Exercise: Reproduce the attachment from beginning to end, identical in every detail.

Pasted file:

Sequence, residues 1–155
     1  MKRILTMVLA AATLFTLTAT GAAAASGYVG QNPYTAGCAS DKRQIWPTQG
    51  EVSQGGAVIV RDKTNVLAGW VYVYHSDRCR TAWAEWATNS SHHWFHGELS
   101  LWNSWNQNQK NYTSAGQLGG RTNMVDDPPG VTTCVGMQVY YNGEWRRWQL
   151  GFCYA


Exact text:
Sequence, residues 1–155
     1  MKRILTMVLA AATLFTLTAT GAAAASGYVG QNPYTAGCAS DKRQIWPTQG
    51  EVSQGGAVIV RDKTNVLAGW VYVYHSDRCR TAWAEWATNS SHHWFHGELS
   101  LWNSWNQNQK NYTSAGQLGG RTNMVDDPPG VTTCVGMQVY YNGEWRRWQL
   151  GFCYA